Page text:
For many Big 12 fans, Baylor is a school that is hard to dislike. They Bears aren't much of a threat, and when they are playing any other team, it is nice to see them play competitively and perhaps upset a Big 12 rival team. Two years ago it was Colorado, and last year they tackled Texas A&M. This year, it's time to recognize Baylor as a team destined to win one Big 12 game and this year it will beat Oklahoma State. Oklahoma State may have the roughest slate of consecutive Big 12 games this year with games at A&M, at Iowa State, Texas, a bye week, Texas Tech and then a game in Waco against Baylor. With the game against Oklahoma schedule after Baylor, they could even overlook the Bears in anticpation of knocking off the Sooners. Baylor could pounce on tired and unexpecting Cowboys team if they are not careful.
REMEMBER THIS NAME: Dominique Zeigler
It is hard to get attention when you are a good player on a bad team. After Baylor beat Texas A&M in overtime last year, Dominique Zeigler started to get attention from his Big 12 counterparts. Now, a year older, stronger and more experienced, Zeigler is the best offensive player on Baylor's team. Zeigler led the Bears with 55 catches and should see his numbers inflate with the graduation of Marques Roberts. Zeigler, a junior, will make some All-Big 12 teams at the end of the season. With freshman speedster David Gettis helping to even the playing field, Zeigler won't be double-teamed often and should have his way with Big 12 cornerbacks, provided his quarterback, Shawn Bell, can get him the ball.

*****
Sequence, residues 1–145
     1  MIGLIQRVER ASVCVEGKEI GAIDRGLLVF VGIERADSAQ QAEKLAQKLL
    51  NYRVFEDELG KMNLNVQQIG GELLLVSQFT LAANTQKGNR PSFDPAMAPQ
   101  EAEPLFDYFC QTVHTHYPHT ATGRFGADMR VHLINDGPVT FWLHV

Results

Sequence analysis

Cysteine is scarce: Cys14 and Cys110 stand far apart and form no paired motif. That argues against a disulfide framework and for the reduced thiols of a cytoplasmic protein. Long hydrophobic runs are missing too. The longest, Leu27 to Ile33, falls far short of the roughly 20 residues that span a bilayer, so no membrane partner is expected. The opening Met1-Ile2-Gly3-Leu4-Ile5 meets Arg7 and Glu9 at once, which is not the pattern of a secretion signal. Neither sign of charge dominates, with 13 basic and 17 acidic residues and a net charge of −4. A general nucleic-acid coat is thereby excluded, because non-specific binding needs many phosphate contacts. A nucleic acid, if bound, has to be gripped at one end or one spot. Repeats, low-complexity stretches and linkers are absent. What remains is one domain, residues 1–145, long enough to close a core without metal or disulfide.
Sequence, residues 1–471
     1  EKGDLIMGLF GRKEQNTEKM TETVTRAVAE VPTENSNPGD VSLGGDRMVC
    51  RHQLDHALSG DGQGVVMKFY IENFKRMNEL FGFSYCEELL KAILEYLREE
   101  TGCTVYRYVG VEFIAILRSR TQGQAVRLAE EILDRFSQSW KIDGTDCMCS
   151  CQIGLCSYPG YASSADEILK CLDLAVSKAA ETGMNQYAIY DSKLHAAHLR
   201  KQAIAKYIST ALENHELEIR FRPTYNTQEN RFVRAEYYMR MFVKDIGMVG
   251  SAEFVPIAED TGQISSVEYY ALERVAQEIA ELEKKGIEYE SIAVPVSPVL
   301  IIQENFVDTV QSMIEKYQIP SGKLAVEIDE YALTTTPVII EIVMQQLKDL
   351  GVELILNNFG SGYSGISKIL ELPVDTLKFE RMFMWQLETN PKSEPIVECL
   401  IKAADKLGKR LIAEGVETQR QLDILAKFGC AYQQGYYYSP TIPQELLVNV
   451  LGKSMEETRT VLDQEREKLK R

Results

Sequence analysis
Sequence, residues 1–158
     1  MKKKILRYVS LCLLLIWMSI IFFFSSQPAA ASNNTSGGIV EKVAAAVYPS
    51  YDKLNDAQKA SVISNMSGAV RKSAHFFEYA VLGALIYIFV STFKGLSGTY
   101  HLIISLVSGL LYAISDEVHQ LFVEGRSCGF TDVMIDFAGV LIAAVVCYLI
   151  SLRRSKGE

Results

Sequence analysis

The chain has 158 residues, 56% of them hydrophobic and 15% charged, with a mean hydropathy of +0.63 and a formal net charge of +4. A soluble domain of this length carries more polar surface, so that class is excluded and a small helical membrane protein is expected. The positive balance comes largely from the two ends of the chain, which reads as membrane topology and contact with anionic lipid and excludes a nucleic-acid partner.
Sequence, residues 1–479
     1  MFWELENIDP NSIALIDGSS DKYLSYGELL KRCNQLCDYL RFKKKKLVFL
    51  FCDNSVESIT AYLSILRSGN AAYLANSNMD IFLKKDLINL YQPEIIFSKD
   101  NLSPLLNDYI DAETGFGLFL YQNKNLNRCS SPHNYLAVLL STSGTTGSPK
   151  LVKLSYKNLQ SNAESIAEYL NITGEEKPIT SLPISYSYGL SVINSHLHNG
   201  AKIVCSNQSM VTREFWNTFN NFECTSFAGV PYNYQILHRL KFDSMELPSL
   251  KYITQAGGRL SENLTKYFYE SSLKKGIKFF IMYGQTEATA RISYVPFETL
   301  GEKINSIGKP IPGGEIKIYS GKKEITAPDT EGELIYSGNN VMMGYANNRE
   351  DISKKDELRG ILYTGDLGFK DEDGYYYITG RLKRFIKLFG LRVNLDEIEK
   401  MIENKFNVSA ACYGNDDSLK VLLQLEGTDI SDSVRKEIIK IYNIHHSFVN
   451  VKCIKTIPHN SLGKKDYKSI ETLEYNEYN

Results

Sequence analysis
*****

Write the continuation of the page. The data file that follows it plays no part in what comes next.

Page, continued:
No player will help elevate his team from last year's results more than Nebraska quarterback Zac Taylor. The Cornhuskers struggled with turnovers, largely based on then starter Joe Dailey's 19 interceptions. Taylor should be able to step in and lead this team toward establishing the West Coast offense coach Bill Callahan has installed. If the transition is smooth, Nebraska could be the team to beat in the North. Taylor also will be able to establish himself as teams will focus on stopping running back Cory Ross, thus forcing Nebraska to beat them with the pass. Taylor's confidence will allow his team to do just that, taking them back to a bowl game.